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Monday, April 9, 2018

National Library Week Tough Love-- Call to Action: Curating and Promoting Diverse Collections Is Non-Negotiable-- Period, End of Discussion

Let's get this out of the way....Happy National Library Week.

Okay done.

Unlike others, I am not going to spend this week posting about how wonderful we are for two reasons--

  1. My job is not to coddle you all. You read my posts and hire me to train your staff because I give it to you straight. I identify what we are doing wrong and I try to help you all fix it. My entire professional life is dedicated to serving patrons better-- all patrons at every public library. Make no mistakes, I may be smiling and positive when I present training programs, but the content of those programs is driven by the mistakes we all make every single day.
  2. We are falling very short on on most basic duty-- crafting collections that represent our communities AND the world at large. And, to make matters worse, many of you out there think that's just fine. [By the way, it is NOT.]
Let me back up a bit. This is a post about how crafting and promoting diverse collections is your duty as a public library worker. I have written about this before many times and you can use the diversity tag to see my previous rants. I wish I could stop writing about it. But ignoring this problem it not an option for me, and I am going to keep on you all for as long as it takes. 

Just when I think things were getting better, we had a week like last week. I am not going to recap the entire situation but the short version is that black authors finally stopped their silence when it came to their horrible treatment within the Romance Writers of America. Over the weekend, NPR ran this story summarizing it for those who need to catch up. 

The realization that the RITA awards have a huge diversity problem was surprising, but unfortunately not shocking. Now some of you may have been shocked, especially since last year, romance novels by  authors of color from Alisha RaiAlyssa Cole, and Beverly Jenkins were among the most praised and critically acclaimed titles. But, me, unfortunately I am not shocked because well, people are racist-- even all of you who think you are not.

We are going to talk about all of you in a moment, but before you get mad at me, let me share a story of me confronting my own latent racism in the last few months and how good it felt to admit it and rise above it to make the right choice.

Last year I was asked to be on the Horror Writers Association's Life Time Achievement Awards Committee. I am not going to go through the entire process with you, but I will skip to the chase. The final ballot came down to two VERY deserving nominees. A "White Man" and a "Black Woman." As a group we voted to only give one award. Each of us [5 people] had an equal vote. I will tell you that I struggled with this choice. The old white male was very deserving. He was a name most people would recognize. His work is amazing. He deserved the award. But the black woman deserved it just as much. She is one of the best known and most award winning poets in speculative fiction, period. She had given back to the association and the community of all writers, but especially those of color. She was not as well known in the wider world, but in the world of HWA it would have been hard to argue she was not among the most deserving authors regardless of her race.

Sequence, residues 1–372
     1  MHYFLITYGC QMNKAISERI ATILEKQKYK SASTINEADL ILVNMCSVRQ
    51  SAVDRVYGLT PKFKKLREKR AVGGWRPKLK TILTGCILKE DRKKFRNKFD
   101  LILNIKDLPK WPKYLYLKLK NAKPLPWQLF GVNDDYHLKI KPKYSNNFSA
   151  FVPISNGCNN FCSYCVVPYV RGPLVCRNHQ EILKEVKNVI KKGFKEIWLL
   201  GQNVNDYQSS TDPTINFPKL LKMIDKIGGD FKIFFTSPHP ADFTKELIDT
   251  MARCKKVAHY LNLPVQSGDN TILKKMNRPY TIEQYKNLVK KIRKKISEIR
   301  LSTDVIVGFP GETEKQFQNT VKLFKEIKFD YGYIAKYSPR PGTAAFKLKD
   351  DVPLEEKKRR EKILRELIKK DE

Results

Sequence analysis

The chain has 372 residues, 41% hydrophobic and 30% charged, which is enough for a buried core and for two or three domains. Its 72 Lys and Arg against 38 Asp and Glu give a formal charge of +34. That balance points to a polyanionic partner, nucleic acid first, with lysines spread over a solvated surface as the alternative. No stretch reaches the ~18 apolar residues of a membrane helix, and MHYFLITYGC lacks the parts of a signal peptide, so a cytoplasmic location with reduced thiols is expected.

But, knowing her [heck, I was the one who threw her name in the ring] I still felt "wrong" voting for her over the best selling white man, at first. And then I asked myself why I felt this way. There is no denying that I am pre-programmed to think the white male deserves it more because, through no fault of his own, the publishing industry was behind him for years and year. Whereas, this woman grew up poor, fought to go to a top tier University [where she was a math major!] and went on to be one of the top voices of her generation of writers regardless of race. And she never stopped being positive and giving back.

If I was going to tell you all to consider diverse voices and come to terms with the fact that publishing is racist and we have to work to rise above it, how could I ignore the signs here. I knew that my vote would send a statement that authors of color are just as worthy, that despite the lack of institutional support they have been doing great work, and that if we don't start coming to terms with the latent racism inside all of us, we will never progress.